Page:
… It’s clear that despite the insta-hagiography that always surrounds a new pope, Bergoglio was hardly a cultural icon in Argentina before his election. He kept a low profile, and many Argentines say they’re getting to know him only now along with the rest of the world. …

It also seems clear that Bergoglio wasn’t perfect, despite the fact that it’s hard right now to find many Argentines willing to say so out loud. For instance, vocations to the priesthood have been falling in Buenos Aires on his watch, despite the fact they’re up in some other dioceses. Last year the archdiocese ordained just 12 new priests, as opposed to 40-50 per year when Bergoglio took over. (For the record, people say that Bergoglio did his best to support his priests and seminarians, taking a special interest in seminary life.)

The future pope also certainly had his critics. Some conservatives grouse that he was too committed to the social gospel and not enough to proclaiming the faith; some liberals saw him as an enemy of liberation theology and social emancipation. Others say Bergoglio could come off as fairly inscrutable and a bit “political.”

More than once, I heard a version of the following quip: “I didn’t know what he was really thinking … he is a Jesuit, you know!”

And the ultimate takeaway from this first-person study? Here are two of Allen’s conclusions, in abbreviated form:

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Was Pope Francis ‘anointed’ today? (UPDATED)

The New York Times has run, at last count, 10 pieces in the past six days bringing up the allegations that the new Pope assisted the old Argentine junta in the “Dirty War” period. Which is quite a lot for a story based on hearsay and supposition as opposed to evidence, no?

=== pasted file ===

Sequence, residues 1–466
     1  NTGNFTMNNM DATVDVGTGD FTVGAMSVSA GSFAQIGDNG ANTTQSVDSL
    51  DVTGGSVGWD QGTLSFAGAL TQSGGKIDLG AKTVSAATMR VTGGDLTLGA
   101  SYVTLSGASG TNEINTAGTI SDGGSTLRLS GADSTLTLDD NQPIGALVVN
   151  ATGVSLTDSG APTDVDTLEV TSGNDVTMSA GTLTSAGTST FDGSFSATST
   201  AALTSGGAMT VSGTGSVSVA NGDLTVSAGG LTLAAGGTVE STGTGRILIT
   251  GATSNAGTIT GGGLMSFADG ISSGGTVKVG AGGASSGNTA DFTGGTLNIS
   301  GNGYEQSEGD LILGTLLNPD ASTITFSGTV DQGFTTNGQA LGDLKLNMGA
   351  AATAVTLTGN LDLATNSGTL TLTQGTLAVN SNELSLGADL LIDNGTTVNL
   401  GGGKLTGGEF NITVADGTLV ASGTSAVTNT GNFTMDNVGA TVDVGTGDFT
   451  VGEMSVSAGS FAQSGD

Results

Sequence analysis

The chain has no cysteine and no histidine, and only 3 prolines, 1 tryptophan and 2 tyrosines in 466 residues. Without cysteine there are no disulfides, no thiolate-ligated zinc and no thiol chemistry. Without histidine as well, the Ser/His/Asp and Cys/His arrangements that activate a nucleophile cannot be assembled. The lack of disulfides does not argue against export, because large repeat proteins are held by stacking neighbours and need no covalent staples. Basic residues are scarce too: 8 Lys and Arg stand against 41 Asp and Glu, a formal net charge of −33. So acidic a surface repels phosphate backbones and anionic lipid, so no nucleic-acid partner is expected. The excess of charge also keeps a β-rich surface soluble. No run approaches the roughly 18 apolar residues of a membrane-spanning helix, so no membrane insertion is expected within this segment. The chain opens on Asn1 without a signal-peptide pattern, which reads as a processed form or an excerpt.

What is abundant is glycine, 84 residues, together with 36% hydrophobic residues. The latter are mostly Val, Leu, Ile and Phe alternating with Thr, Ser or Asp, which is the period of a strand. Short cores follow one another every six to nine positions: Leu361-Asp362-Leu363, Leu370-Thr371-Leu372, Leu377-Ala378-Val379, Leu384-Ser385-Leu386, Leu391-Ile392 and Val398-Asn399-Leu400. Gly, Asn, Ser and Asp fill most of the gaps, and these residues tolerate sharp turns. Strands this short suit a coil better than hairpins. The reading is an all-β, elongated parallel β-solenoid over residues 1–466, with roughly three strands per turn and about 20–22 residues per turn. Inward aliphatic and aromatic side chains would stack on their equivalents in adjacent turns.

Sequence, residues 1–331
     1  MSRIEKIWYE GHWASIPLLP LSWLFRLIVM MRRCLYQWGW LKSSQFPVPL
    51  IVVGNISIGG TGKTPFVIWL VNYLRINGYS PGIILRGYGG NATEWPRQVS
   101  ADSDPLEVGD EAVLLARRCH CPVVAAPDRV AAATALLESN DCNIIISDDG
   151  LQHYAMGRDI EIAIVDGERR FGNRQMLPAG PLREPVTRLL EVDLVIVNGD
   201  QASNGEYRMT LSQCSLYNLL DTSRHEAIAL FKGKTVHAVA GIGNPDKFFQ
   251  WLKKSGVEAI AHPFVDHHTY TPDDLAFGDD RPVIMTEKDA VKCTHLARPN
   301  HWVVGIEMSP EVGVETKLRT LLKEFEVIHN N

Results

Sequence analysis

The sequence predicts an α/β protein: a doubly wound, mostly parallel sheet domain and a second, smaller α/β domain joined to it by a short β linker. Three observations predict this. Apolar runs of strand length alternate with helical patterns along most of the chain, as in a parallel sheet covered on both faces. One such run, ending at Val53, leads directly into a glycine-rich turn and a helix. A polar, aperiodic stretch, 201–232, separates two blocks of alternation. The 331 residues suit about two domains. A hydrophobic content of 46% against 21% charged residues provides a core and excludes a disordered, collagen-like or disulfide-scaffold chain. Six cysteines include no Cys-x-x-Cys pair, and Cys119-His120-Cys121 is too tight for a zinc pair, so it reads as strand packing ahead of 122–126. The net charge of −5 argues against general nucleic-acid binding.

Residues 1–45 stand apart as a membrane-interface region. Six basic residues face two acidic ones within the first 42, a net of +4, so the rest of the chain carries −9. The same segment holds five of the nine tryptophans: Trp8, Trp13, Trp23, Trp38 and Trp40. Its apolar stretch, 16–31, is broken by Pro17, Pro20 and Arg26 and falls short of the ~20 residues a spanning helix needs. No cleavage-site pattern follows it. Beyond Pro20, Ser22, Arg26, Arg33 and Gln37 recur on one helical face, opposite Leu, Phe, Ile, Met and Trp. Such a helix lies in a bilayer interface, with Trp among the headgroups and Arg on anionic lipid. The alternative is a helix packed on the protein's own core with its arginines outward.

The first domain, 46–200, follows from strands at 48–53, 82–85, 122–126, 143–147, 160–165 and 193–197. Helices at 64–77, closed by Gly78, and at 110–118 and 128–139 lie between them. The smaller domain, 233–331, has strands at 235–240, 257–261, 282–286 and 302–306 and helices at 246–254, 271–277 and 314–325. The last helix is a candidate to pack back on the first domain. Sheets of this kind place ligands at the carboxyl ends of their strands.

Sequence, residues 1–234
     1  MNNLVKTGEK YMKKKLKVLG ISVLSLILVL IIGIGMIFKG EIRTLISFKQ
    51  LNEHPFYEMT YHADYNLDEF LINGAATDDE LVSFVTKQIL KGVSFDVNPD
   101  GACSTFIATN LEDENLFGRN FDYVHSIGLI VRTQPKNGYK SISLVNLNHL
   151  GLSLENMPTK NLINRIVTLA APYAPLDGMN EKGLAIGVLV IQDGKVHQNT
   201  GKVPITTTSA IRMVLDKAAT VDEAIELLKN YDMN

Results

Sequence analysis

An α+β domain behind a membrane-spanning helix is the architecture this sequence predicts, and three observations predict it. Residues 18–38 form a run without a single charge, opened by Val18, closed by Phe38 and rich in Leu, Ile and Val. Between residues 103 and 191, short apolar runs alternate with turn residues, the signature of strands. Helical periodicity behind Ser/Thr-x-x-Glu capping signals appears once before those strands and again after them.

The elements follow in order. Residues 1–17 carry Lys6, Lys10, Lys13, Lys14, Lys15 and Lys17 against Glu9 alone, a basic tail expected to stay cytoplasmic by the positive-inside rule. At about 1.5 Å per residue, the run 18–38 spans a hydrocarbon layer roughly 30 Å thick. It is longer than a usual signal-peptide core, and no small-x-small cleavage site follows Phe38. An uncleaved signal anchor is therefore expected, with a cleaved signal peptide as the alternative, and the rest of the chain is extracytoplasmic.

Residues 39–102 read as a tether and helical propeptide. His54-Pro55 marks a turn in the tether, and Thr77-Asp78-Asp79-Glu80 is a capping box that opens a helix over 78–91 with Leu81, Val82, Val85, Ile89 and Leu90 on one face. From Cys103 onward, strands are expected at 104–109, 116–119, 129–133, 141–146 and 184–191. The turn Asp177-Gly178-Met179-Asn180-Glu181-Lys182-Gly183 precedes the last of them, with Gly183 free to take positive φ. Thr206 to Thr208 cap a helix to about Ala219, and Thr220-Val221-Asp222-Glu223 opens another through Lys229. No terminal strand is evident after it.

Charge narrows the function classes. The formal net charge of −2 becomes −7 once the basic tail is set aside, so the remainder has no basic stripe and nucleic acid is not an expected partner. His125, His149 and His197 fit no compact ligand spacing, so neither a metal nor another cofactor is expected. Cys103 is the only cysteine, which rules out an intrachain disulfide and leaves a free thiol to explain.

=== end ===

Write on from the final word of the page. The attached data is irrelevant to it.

You can read George Conger’s post about other media outlets pushing the story.

Pope Francis was installed earlier today during a mass that received quite a bit of media interest.

One reader noted something about a CNN story on the matter. Here’s the relevant portion:

The Vatican geared up for the inauguration of the pope on Tuesday, a ceremony ushering in a new era for the Roman Catholic Church.

Anticipation mounted among the faithful across the globe awaiting a joyous and solemn chapter of Christian history. St. Peter’s Square will bustle with tourists, locals and pilgrims during the official Mass to install Francis as the bishop of Rome.

The choice of day to anoint him as the holy father of the Roman Catholic Church carries a rich symbolism: It is the day that Catholics celebrate the Feast of St. Joseph to honor Jesus’ father on Earth, the carpenter Joseph. It also happens to be Father’s Day in Italy.

So is it right to say that today he was “anointed” as the holy father of the Roman Catholic Church? Anointed has a few definitions. Let’s look at the Merriam-Webster offerings:

1: to smear or rub with oil or an oily substance
2:
a :to apply oil to as a sacred rite especially for consecration
b : to choose by or as if by divine election; also : to designate as if by a ritual anointment

From the reader:

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Is CNN pushing the “Dirty War” story?